Rowan Atkinson's defiant defence of Boris Johnson amid cancel culture row

Rowan Atkinson, the much-loved actor who has played the likes of Mr Bean, Johnny English, stars in Netflix’s new series premiering today Man vs. Bee. While many stand-by the comedy genius, in recent years, some have found it difficult to agree with his views on cancel culture and support of what have been considered controversial jokes.

In 2018, shortly before he became Prime Minister, Boris Johnson made some controversial comments on women who wear the burka when.

In a column for the Daily Telegraph, he questioned why they would “go around looking like letter boxes”, and compared them to bank robbers. 

The comments were deemed highly inappropriate and offensive, and even saw him being investigated by an independent panel. 

The Conservative Party called for the investigation to see whether his comments had breached the Tories’ code of conduct. 

Shortly after, Atkinson voiced his opinion in favour of the then-MP, stating his lifelong career in comedy as his basis of expertise on the subject. 

He wrote to The Times saying: “As a lifelong beneficiary of the freedom to make jokes about religion, I do think that Boris Johnson’s joke about wearers of the burka resembling letterboxes is a pretty good one.

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“All jokes about religion cause offence, so it’s pointless apologising for them.

“You should really only apologise for a bad joke. On that basis, no apology is required.”

This was not Atkinson’s first foray into the sensitive topic of politics.

On the theme of cancel culture, he has taken a direct stand against what he says prohibits the art of comedy.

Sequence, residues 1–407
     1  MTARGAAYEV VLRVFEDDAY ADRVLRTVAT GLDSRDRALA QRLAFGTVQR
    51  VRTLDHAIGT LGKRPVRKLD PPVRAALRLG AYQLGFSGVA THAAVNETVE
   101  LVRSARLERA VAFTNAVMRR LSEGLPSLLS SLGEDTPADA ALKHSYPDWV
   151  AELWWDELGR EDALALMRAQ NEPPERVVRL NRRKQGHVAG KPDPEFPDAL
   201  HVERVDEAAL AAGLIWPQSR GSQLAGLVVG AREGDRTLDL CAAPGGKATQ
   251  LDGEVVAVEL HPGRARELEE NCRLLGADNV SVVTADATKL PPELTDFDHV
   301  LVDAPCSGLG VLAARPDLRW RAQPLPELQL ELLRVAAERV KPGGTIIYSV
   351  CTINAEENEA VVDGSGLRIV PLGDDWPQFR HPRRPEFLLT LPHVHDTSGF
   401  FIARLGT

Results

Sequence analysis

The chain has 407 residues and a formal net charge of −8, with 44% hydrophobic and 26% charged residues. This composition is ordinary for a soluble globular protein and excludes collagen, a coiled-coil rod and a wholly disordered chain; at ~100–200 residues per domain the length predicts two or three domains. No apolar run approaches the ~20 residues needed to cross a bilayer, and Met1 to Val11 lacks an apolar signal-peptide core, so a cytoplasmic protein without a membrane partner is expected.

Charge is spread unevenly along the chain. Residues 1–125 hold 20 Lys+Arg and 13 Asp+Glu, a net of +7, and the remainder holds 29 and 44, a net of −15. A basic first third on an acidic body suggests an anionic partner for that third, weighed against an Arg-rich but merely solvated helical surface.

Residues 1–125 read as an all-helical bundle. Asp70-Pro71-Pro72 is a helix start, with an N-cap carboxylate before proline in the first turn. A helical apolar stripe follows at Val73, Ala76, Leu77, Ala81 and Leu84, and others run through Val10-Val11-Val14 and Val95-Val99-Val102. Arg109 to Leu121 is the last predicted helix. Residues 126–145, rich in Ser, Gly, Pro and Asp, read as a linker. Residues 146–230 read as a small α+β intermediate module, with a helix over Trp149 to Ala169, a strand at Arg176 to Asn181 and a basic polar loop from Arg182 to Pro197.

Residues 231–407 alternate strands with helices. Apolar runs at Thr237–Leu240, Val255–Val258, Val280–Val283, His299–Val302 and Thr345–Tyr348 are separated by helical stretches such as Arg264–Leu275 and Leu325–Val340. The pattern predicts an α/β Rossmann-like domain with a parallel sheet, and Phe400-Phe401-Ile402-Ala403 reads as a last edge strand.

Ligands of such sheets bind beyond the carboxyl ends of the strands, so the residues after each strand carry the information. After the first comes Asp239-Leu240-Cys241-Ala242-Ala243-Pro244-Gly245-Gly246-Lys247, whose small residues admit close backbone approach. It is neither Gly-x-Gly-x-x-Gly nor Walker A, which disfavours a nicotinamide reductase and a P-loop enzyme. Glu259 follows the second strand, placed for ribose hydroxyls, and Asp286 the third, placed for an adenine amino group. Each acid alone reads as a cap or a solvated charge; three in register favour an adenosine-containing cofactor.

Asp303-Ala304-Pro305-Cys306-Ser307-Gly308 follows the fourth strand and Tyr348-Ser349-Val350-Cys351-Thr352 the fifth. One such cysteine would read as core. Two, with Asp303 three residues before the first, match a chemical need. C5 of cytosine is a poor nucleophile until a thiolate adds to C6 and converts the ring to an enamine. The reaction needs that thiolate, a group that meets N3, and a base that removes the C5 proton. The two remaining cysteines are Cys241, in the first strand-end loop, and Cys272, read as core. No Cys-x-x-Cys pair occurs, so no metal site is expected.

In an interview with the Irish Times, he said the “job of comedy is to offend, or have the potential to offend”. 

He went on to say that comedy could not be “drained of that potential”, and that every joke needs “a victim” in order to be a joke. 

When asked about whether the targets should be better chosen, Atkinson responded saying that everyone should be available to be a victim of comedy. 

He said: “What if there’s someone extremely smug, arrogant, aggressive, self-satisfied, who happens to be below in society? They’re not all in houses of parliament or in monarchies.

“There are lots of extremely smug and self-satisfied people in what would be deemed lower down in society, who also deserve to be pulled up.”

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The actor has a place in many people’s childhood memories and has become an integral part of British pop culture with his character Mr Bean. 

Atkinson formulated the character himself, describing him as “a child in a man’s body”, for a half-hour New Year’s Day special in 1990. 

Mr Bean would become a fan-favourite, with sequels, sitcoms and feature films being produced until 2007. 

The limited dialogue and self-explanatory visual comedy made the character instantly accessible and funny to thousands across the world. 

However, Atkinson officially retired the character, reasoning that he wanted Mr Bean to be “an ageless, timeless figure” and to do such, he could not continue the role forever. 

Now, Atkinson returns to the silver screen in the new Netflix series Man vs. Bee today. 

All nine episodes are now available to watch on Netflix from June 24, and none of which are more than 20 minutes long. 

The series sees a bumbling father, played by Atkinson, accidentally land a job as a house-sitter in a luxurious and expensively decorated mansion. 

However, when a bee enters the house, Atkinsons character Trevor pulls out all the stops to get rid of it — with chaos duly ensuing. 

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